Hundreds of cigarettes possibly impacting wildlife
COLUMBIA - Cigarette butts are the most common form of litter, according to a study of research by the Library of Medicine National Institute of Health. One area of Columbia is no exception, and a viewer wanted KOMU 8 to check into a concern.
If you drive down Lemone Industrial Boulevard, you are met with an orange and white dead end sign, blocking Hominy Creek. This sign also marks the place where dozens of workers from UM Health Care Quarterdecks take their daily smoke break.
A viewer brought the area to the attention of KOMU 8, concerned with the possible negative environmental impacts. KOMU 8 visited the location several times over several months and observed hundreds of cigarette butts on the ground, some right next to the creek.
In this area, there are no cigarette depositories. Hundreds of cigarette butts are left in this area, rolling into the creek behind the sign, or getting caught in the plants and surrounding wildlife.
KOMU 8 News spoke with natural engineering specialist Kent Shannon at MU Extension to see if this form of litter will have any long term impact on the wildlife and water in the area.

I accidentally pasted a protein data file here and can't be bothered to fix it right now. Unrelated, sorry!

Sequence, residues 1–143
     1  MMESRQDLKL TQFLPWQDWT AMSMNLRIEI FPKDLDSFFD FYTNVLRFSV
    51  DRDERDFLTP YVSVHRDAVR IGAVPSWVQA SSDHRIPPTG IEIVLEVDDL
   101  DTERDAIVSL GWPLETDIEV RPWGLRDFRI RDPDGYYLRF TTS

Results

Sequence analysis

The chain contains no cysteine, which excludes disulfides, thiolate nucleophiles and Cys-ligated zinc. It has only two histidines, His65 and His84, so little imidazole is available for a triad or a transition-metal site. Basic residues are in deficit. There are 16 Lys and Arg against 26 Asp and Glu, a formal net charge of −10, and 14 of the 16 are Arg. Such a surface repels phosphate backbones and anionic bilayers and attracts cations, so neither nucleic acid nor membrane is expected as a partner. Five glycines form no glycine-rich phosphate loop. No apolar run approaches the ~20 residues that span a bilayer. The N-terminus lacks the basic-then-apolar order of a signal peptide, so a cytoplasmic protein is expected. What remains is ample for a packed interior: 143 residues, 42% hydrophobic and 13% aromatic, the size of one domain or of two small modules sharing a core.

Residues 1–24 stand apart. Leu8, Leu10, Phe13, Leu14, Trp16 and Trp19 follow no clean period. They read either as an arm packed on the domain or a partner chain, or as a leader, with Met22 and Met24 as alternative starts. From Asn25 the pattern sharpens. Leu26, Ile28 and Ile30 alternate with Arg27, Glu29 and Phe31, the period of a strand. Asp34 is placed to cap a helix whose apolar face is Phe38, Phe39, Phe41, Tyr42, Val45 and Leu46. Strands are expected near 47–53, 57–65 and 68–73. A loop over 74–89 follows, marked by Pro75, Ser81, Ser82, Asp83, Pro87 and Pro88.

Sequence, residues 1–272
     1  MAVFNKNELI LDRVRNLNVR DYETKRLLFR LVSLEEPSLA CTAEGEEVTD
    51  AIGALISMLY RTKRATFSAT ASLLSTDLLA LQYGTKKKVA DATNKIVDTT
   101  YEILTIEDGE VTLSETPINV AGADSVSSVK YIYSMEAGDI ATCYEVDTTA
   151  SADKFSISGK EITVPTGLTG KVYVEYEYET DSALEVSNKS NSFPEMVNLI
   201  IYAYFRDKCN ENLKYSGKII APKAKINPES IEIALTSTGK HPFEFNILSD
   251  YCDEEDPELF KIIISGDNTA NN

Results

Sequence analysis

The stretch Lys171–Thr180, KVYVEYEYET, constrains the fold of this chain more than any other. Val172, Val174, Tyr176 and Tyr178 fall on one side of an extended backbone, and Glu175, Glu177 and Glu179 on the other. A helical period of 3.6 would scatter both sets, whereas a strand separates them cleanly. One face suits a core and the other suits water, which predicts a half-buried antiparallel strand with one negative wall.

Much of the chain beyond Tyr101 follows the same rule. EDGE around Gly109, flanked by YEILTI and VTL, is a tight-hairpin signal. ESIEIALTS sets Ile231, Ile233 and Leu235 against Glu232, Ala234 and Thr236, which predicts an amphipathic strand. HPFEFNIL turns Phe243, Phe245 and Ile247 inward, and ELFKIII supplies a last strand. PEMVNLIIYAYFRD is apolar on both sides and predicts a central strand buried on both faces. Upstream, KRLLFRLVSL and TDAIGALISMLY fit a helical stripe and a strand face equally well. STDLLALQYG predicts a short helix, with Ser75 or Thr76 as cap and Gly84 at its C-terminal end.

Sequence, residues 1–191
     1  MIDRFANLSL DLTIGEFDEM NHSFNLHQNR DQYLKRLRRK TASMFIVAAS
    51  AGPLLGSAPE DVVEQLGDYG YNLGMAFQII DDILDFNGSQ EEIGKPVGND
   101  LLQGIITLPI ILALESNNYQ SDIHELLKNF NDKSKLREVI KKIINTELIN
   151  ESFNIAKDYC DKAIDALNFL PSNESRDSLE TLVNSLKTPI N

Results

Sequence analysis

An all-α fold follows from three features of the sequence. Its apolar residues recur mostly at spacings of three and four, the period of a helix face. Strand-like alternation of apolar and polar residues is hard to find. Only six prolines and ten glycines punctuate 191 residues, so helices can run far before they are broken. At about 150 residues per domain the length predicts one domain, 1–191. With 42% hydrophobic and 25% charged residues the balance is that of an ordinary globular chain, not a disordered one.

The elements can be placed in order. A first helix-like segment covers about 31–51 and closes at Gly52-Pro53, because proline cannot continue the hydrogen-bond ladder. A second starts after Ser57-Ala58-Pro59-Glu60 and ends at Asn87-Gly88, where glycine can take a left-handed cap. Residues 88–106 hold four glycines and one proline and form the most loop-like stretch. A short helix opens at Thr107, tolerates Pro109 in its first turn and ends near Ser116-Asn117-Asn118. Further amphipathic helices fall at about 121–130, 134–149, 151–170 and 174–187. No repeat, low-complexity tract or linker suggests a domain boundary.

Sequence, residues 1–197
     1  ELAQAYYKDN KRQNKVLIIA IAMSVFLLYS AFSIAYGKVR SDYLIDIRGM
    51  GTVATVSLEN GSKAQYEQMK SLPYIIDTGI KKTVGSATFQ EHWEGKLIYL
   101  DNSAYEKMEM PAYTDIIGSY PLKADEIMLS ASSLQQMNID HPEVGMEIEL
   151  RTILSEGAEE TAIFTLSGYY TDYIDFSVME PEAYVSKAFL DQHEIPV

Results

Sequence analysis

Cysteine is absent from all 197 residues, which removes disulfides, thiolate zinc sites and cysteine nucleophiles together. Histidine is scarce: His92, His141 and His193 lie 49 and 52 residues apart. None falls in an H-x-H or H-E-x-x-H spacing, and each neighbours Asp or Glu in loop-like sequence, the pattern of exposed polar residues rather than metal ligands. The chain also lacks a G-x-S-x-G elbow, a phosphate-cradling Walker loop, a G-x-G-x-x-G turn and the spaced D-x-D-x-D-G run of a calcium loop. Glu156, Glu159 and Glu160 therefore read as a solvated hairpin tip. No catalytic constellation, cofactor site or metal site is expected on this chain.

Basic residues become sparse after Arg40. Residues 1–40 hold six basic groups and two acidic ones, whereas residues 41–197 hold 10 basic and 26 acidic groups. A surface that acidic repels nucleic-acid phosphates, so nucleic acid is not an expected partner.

"It is a non point source water pollutant, which means so we don't know exactly where the pollutant came from," Shannon said. "Cigarette butts could have been the issue, could have been a pesticide, could have been some other substance that got in the water source from that standpoint."
Shannon said about 250 million cigarettes are thrown away every year.
He said cigarettes can be harmful in urban areas when people throw cigarettes out their car window. That litter makes its way to the storm drain and is later filtered out from drinking water.
KOMU 8 News asked several workers if they would use cigarette depositories if they were set up near the dead end location at UM Quarterdecks. Every worker said they would.
KOMU 8 News reached out to University Hospital; however, it was unavailable for comment.
It is unclear if the UM Quarterdecks will be getting a cigarette depositories in the future or if the existing cigarettes will be cleaned up.